automount: nis files

master server: passwd, passwd.adjunct and shadow

First we will create a seperate directory (/etc/nis_etc) for the NIS passwd and shadow maps, plus another one (/etc/nis_etc/security) for the passwd.adjunct file.

# mkdir -p /etc/nis_etc/security
# cd /etc
# chmod -R 700 nis_etc
# cp passwd nis_etc/
# cp shadow nis_etc/
# cp passwd nis_etc/security/passwd.adjunct
# cd nis_etc

Now we need to edit /etc/nis_etc/passwd:

  1. Remove the following entries:
    • root
    • daemon
    • bin
    • sys
    • adm
    • lp
    • uucp
    • nuucp
    • listen
    • nobody
    • noaccess
    • nobody4
    • sysadmin
    • sshd
  2. Edit each user entry, removing the password placeholder ("x" in the second field) and replacing it with two hashes and the username. E.g:
    bloggf01:x:1001:10:Fred Bloggs:/export/home/bloggf01:/bin/ksh
    bloggf01:##bloggf01:1001:10:Fred Bloggs:/export/home/bloggf01:/bin/ksh
    Doing this for a passwd file with 1000 entries can take a little while, so the following strategy may help:
    # cd /etc/nis_etc
    # mv passwd passwd.orig
    # nawk -F ":" '{ printf "%25s:##%25s:%25s:%25s:%25s:%25s:%25s\n", $1, $1, $3, $4, $5, $6, $7 }' passwd.orig > passwd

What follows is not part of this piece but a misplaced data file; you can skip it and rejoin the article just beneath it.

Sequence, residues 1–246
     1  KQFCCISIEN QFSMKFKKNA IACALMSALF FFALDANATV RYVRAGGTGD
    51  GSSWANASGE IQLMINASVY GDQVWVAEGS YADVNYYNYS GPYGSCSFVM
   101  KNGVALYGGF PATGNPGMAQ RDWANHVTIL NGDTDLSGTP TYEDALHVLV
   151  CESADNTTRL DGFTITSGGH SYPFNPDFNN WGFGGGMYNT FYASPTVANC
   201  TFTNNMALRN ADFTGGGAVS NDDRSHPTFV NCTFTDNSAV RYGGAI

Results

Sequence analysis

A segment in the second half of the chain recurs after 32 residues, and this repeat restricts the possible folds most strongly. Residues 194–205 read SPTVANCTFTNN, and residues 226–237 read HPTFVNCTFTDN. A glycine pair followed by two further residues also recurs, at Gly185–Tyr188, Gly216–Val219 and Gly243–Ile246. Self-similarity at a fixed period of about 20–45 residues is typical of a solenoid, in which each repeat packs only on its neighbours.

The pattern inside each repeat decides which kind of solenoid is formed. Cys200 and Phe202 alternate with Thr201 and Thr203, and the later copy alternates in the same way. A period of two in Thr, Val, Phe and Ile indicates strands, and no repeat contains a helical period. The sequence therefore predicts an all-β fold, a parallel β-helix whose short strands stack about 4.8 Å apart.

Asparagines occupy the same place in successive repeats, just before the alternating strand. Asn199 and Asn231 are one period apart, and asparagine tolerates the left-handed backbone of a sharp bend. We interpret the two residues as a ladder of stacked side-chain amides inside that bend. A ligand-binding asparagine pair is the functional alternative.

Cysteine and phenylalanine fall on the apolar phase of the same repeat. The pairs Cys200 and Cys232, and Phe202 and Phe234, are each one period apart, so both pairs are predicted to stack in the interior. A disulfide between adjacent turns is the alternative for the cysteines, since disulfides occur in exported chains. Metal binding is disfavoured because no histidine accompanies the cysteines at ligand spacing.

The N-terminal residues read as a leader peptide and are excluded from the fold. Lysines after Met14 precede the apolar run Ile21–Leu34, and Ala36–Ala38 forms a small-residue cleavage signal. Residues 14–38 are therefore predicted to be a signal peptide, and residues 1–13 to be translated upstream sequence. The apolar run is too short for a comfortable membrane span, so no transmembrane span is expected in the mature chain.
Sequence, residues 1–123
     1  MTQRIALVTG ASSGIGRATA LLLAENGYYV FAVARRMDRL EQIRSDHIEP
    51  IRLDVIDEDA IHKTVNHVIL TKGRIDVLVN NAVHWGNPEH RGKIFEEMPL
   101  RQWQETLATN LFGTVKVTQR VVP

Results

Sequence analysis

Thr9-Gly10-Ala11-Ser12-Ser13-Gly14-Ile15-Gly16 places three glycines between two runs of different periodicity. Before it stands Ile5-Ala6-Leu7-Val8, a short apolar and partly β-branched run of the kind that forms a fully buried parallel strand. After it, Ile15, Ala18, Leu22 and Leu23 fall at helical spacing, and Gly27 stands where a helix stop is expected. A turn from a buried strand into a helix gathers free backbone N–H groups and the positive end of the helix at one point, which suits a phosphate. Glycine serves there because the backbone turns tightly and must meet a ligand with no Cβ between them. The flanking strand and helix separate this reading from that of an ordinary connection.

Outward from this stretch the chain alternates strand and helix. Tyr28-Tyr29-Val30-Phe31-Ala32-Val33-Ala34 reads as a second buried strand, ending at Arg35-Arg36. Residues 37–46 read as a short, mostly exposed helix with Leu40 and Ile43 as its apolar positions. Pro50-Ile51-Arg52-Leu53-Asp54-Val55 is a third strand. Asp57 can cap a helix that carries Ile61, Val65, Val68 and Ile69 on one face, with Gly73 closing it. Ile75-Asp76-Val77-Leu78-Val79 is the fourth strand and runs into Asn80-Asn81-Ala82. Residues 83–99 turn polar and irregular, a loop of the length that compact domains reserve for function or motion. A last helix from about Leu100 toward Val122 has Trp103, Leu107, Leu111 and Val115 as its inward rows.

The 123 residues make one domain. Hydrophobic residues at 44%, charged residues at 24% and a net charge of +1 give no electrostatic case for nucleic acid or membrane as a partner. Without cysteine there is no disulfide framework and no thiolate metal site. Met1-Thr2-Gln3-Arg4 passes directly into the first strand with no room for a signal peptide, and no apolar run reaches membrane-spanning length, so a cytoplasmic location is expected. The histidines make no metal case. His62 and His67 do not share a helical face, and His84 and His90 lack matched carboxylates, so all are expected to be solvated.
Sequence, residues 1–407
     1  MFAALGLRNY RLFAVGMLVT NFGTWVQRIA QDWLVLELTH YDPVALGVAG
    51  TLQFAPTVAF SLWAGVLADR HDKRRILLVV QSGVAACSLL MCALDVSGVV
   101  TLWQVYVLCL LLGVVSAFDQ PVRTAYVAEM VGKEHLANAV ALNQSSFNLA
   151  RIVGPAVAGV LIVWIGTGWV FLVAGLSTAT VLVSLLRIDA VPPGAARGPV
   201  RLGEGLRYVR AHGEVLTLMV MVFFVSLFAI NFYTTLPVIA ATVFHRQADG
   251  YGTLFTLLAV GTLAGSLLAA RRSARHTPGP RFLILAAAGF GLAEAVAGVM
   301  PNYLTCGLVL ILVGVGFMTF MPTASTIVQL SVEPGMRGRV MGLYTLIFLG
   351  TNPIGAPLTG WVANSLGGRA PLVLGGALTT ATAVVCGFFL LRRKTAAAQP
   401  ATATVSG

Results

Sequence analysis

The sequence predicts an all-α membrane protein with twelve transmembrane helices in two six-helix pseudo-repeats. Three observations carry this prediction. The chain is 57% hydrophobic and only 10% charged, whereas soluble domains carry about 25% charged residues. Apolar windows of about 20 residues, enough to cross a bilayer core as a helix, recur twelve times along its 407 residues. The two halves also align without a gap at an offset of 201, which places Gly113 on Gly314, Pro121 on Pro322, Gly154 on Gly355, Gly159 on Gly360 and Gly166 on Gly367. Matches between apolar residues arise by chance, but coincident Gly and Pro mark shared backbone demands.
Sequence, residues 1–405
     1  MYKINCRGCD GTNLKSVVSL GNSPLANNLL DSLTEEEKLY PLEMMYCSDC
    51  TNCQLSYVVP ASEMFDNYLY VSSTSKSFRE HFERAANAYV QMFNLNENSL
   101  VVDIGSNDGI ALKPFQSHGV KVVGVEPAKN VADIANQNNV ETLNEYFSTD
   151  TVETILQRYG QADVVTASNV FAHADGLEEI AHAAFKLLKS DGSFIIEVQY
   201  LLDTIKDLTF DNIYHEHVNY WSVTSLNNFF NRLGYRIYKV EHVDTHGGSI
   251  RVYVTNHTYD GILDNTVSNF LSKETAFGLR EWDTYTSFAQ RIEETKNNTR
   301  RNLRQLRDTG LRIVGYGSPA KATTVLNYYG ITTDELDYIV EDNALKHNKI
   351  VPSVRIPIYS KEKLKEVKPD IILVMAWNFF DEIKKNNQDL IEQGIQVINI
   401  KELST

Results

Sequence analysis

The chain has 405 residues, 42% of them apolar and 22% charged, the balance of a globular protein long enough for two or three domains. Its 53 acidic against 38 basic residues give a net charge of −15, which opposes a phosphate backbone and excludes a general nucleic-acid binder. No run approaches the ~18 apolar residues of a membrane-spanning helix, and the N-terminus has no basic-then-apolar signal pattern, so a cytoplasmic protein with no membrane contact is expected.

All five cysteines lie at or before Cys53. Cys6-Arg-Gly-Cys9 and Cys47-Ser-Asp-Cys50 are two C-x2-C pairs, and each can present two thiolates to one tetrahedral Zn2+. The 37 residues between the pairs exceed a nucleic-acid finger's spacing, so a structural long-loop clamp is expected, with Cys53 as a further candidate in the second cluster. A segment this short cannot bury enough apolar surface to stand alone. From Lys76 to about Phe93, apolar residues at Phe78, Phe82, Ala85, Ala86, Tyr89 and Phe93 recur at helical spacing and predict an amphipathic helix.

Don't delete passwd.orig just yet!
  3. The passwd.adjunct file can be generated using a similar awk script:
    # cd /etc/nis_etc
    # nawk -F ":" '{ printf "%25s:%25s:::::\n", $1, $2 }' passwd.orig > security/passwd.adjunct
    You can delete passwd.orig now if you want.
  4. Add the following two lines to the top of your NIS passwd map:
  5. And add the corresponding lines to your NIS passwd.adjunct map:
  6. Edit the NIS Makefile to reflect the new locations of the NIS passwd and shadow maps:
    # cd /var/yp
    # cp Makefile Makefile.orig
    Edit /var/yp/Makefile so that the PWDIR variable is changed to /etc/nis_etc.

You also need to edit /etc/nis_etc/shadow:

  1. Remove the same entries as you did with /etc/nis_etc/passwd:
    • root
    • daemon
    • bin
    • sys
    • adm
    • lp
    • uucp
    • nuucp
    • listen